Museum Paints Different WWII History
Museum Paints Different WWII History
Aug. 14, 2002
%mlink(STRY:; PHOTO:TOK101-081102; AUDIO:%)
TOKYO (AP) _ The buzz of cicadas casts a soothing summer lull at Yasukuni Shrine. But next to its weathered worship hall lies a darker side _ a sprawling war museum featuring rocket-propelled kamikaze planes, one-man ``human torpedo'' suicide subs and a history lesson on World War II from a distinctly Japanese perspective.
Every August, controversy swirls around the shrine, where nearly 2.5 million Japanese war dead, including executed war criminals, are worshipped as deities.
Thursday marks the 57th anniversary of Japan's unconditional surrender during World War II, but Prime Minister Junichiro Koizumi says he has no plans to pay respects at the shrine. His surprise visit last year sparked protests in China and South Korea, where Yasukuni is a painful symbol of Japan's militaristic past.
The shrine's Yushukan war museum opened its doors last month after a $33 million renovation that doubled its size and expanded its chronicle of Japan's military expansion.
Its lessons aren't those found in the typical American schoolbook.
It depicts 1930s China as overrun with anti-Japanese terrorists, portrays President Franklin Roosevelt as plotting to trick Tokyo into war and describes World War II as Japan's attempt to liberate Asia, rather than conquer it.
``This is where people can learn the real history of Japan,'' museum curator Yasuhira Noda said. ``Today's generation doesn't understand the circumstances of the war. They only understand it in terms of Japan doing wrong.''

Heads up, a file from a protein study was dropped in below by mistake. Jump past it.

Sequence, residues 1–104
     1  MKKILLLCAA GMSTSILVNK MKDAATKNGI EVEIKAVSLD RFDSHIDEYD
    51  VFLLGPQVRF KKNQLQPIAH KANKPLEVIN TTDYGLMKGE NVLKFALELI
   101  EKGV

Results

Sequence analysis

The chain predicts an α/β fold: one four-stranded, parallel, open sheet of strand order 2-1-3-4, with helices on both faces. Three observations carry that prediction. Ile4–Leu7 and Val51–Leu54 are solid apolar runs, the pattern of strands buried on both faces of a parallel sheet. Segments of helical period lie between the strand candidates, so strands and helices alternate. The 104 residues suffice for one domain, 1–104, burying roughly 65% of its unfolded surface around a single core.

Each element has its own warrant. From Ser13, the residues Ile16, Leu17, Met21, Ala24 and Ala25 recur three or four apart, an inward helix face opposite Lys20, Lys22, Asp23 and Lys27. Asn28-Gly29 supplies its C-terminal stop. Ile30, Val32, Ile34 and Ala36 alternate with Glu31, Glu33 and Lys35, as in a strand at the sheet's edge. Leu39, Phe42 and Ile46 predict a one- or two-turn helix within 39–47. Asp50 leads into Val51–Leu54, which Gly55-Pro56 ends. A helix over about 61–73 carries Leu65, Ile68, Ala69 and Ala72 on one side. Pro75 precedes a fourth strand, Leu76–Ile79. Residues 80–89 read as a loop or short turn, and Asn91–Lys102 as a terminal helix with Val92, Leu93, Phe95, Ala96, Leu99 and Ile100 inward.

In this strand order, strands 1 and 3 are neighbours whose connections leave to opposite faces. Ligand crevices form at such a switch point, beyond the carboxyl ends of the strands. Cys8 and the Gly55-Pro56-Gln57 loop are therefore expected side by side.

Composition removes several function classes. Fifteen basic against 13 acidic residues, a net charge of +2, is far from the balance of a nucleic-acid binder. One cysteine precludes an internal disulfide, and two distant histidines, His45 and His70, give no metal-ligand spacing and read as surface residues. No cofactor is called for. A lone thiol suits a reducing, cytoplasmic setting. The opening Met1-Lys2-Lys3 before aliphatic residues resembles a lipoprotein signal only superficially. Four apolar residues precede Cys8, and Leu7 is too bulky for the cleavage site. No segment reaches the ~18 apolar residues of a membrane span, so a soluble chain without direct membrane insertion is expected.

A statue of a kamikaze pilot stands sentry outside the museum, while the entry hall greets visitors with a Mitsubishi Zero fighter plane and a locomotive used on the Thailand-Burma railroad, which earned the nicknamed ``Death Railway'' for the thousands of slave laborers and Allied war prisoners who died building it for the Japanese.
Critics say the museum underlines lingering insensitivity toward Japan's role in World War II and venerates the military regime that made Tokyo feared by its Asian neighbors. Shrine staff say it gives a balanced view of the war and pays homage to those who sacrificed their lives.
But those who lived through the war sometimes recoil at the exhibits.
``This glorifies war a bit too much,'' said Yoichi Nakamura, 75, as he inspected a ``human torpedo'' suicide submarine in the main atrium. Nakamura lost two 18-year-old friends to the suicide attack forces in 1945, and was himself slated for duty in Manchuria that October _ had Japan not surrendered.
``Back then, even my mother and teachers were telling me to go to war and die for the emperor,'' he said. ``Now I wonder whether we need this kind of museum at all.''
The Yushukan features gleaming samurai swords, suicide notes and farewell flags for soldiers going off to war. Per the era's custom, well-wishers would prick their fingers to dye the flag's rising sun emblem blood red.
The museum skims over Tokyo's 1910-1945 colonization of Korea, and rationalizes military forays into China as crushing ``terrorists.'' The surprise attack on Pearl Harbor is written off as an inevitable outgrowth of U.S. pressure.
As for the 1937 ``Rape of Nanking,'' it maintains: ``The Chinese were soundly defeated, suffering heavy casualties. Inside the city, residents were once again able to live their lives in peace.'' Historians estimate that Japanese invaders killed at least 100,000 there.
Hisao Ishiyama, of Japan's History Educators Association, criticizes the museum for painting a distorted picture and said it is indicative of a deepening division in the way Japanese are dealing with _ and sometimes ignoring _ their past.
``The museum simply tries to justify the war,'' Ishiyama said. ``I think it's successful in softening people's attitudes and that can be dangerous.''
The droves of visitors attest to the museum's pull. About 1,000 people pass through its halls daily, more than double the pre-renovation crowd.
``I don't think it glorifies war,'' said 25-year-old Kazunori Kajiwara, who's great-uncle fought in the Japanese Imperial Navy. ``But I can't help but wonder if all those young people with bright futures really wanted to sacrifice their lives.''